UK: Bank Of England 2015 Concurrent Stress Testing Exercise - Scenario & Methodology

Last Updated: 15 April 2015
Article by Philip Leech

Most Read Contributor in UK, August 2017

The Bank of England has published details of its 2015 stress testing exercise for the largest UK banks and building societies, its second concurrent exercise (the first was in 2014).

This year's exercise is focused on assessing UK banks' vulnerability to a synchronised global downturn affecting Asia and the Euro area, coupled with amplifying global disinflationary pressures, and the resultant impact on the UK. The scenario also incorporates the assessment of the impact of a reduction in global risk appetite, particularly in indebted economies, as well as a number of counterparty defaults.

Given the focus of the scenario on stress in emerging economies and the new methodology created for traded risk, the 2015 exercise is likely to better test the vulnerabilities of global, non-retail focussed banks. The exercise appears to be more onerous on firms overall, whilst assessing different vulnerabilities.

Key differences compared to the 2014 exercise

  • The scope has been reduced to seven firms - HSBC, Barclays, Lloyds Banking Group, RBS, Nationwide, Standard Chartered and Santander. The Co-operative Bank will not be part of the exercise this year.
  • Firms are required to forecast projections over five years rather than the three-year time horizon used in last year's exercise.
  • A new market risk methodology has been implemented, which better aligns shocks applied to firms' trading book positions with their corresponding liquidity horizon. Firms have to apply instantaneous shocks to their positions, the size of which depends on the liquidity of the position. For anything greater than two weeks, or for positions that the bank would have to hold for franchise reasons, additional stresses need to be applied.
  • A leverage ratio hurdle rate of 3% has been introduced (of which 25% can be made up of Additional Tier 1 capital). The CET1 hurdle rate remains at 4.5% of RWAs, as last year.
  • Firms have been provided with more specific details on foreign exchange rate movements under stress. Currencies depreciate against dollar due to reduction in global risk appetite (Euro 25%, Brazilian Real 40%, Chinese Renminbi 10%, South African Rand 35%, Emerging Market average 25%). The scenario looks to assess the impact of FX movements on $-denominated bonds issued by other countries.
  • Chinese residential property falls 35% below end-2014 levels with larger falls for commercial property. Real GDP growth drops to 1.7% at its trough in Q4 2015.
  • Aggregate euro GDP growth troughs at -2.1% in 2016 Q1 whilst inflation doesn't turn positive until Q4 2018.
  • Oil price troughs at $38 a barrel, continually putting downward pressure on global inflation.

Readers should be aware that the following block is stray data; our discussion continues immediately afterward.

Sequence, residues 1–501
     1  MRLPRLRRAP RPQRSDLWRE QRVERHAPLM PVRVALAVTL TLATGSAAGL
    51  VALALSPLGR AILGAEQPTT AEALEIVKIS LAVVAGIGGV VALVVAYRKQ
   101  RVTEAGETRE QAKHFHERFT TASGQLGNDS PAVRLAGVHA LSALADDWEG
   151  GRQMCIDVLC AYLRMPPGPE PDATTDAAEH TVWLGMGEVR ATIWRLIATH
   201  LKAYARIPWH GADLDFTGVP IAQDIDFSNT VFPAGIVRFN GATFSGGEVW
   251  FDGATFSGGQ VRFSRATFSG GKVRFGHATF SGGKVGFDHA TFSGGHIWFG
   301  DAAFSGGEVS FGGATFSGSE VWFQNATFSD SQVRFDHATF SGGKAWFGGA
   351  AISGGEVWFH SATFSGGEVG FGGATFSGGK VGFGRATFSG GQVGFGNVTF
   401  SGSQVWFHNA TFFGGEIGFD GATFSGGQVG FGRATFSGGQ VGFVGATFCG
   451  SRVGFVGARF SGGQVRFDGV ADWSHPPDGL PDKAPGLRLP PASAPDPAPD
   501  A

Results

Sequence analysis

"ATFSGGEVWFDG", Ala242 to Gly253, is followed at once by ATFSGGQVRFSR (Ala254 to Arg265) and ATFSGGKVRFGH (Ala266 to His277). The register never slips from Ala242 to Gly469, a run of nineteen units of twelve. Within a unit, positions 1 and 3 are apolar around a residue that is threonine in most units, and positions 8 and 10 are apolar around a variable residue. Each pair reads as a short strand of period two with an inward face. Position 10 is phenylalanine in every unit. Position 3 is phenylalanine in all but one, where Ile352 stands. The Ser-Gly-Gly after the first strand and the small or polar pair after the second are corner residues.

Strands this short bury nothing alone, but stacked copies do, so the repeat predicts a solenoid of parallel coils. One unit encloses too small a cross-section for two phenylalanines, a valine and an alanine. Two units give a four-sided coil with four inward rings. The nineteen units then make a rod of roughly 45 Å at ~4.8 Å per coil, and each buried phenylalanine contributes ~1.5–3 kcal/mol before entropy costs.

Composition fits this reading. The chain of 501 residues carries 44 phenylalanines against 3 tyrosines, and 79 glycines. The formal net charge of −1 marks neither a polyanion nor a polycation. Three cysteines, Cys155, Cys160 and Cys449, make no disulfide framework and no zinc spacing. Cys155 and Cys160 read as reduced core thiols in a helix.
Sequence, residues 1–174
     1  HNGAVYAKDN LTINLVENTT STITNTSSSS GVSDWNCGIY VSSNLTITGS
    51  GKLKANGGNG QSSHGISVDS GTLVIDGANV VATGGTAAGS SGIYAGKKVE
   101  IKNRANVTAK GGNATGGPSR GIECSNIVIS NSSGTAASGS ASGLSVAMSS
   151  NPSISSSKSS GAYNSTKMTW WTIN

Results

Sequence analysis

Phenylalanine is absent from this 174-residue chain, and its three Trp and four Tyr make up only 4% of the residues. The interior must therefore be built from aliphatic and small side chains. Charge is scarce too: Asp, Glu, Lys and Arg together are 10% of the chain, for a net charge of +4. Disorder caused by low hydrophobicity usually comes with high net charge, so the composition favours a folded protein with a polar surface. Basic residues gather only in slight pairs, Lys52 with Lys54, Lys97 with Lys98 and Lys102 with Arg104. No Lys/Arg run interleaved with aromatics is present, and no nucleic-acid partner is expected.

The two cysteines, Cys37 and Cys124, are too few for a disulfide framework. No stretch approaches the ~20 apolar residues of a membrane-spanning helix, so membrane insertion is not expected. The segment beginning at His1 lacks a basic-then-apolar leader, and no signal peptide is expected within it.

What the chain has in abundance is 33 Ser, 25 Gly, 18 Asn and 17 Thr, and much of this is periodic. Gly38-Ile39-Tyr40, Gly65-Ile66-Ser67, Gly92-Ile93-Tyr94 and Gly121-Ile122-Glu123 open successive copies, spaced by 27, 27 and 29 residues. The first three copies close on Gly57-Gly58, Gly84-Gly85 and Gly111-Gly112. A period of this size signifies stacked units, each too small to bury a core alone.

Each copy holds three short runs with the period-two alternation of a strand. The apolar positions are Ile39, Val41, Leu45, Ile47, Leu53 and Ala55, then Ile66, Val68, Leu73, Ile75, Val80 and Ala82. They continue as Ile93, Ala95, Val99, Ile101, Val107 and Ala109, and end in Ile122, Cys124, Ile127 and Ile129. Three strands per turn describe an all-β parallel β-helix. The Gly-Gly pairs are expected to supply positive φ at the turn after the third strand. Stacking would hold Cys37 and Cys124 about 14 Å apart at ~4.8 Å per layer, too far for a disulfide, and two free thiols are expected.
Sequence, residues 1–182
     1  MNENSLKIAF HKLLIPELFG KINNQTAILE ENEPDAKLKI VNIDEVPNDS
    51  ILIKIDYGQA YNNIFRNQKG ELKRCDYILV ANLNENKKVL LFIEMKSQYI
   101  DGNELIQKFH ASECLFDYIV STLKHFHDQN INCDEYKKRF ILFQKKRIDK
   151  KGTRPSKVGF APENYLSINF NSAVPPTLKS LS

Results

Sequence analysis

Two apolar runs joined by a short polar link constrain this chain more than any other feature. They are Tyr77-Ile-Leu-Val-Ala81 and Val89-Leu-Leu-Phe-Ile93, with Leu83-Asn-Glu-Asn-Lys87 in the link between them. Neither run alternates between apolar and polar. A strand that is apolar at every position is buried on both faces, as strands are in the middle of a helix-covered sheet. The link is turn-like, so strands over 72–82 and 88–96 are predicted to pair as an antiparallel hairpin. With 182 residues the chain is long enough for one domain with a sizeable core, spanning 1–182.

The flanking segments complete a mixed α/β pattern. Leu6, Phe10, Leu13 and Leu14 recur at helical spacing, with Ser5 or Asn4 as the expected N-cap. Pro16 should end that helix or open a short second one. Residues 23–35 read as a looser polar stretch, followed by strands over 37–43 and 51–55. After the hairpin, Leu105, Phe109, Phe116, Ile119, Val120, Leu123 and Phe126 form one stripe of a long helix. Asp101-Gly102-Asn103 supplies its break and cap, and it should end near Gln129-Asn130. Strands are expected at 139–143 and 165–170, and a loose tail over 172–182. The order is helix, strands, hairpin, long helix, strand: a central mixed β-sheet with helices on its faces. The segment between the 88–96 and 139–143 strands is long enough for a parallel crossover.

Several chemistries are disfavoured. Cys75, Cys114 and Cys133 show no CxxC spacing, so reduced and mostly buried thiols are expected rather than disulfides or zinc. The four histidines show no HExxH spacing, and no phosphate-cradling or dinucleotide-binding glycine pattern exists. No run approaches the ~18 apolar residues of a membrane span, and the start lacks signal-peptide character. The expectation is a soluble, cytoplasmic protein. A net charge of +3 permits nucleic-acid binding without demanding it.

• The Bank of England provides aggregate lending profiles in the stress. Overall, a firm's market share of the stock of lending in each year of the stress scenario should be at least as large as the corresponding share in the baseline scenario. It cannot contract its lending under stress at a quicker rate than it contracts under its corporate plan, unless this is represented as a management action.

Key challenges for firms

  • The Bank of England has outlined an approach for counterparty credit risk which is quite onerous and leaves an element of interpretation for firms.Firms have to estimate losses from defaults of specific 'vulnerable' counterparties. For uncollateralised exposures, firms have to identify their two most 'vulnerable' from their ten largest Asian exposures, and their most 'vulnerable' from their ten largest European exposures, under stress. For collateralised, they also have to identify their two most 'vulnerable' counterparties out of their 20 largest global exposures.
  • Firms should include the effects of regulatory, legal or accounting changes in their projections where final requirements and implementation or effective dates have been announced or publically endorsed on or before 30 March 2015. Firms are likely to face challenges in undertaking and modelling this aspect of exercise. This is likely to bring IFRS 9 and ring-fencing within scope.
  • A more defined approach for conduct risk (now labelled 'misconduct' risk) is outlined. Given legal issues surrounding the quantification of potential conduct losses, and the link with provisions, firms are likely to have difficulty agreeing their approach to calculating the 'prudential estimate' for such losses.

The content of this article is intended to provide a general guide to the subject matter. Specialist advice should be sought about your specific circumstances.

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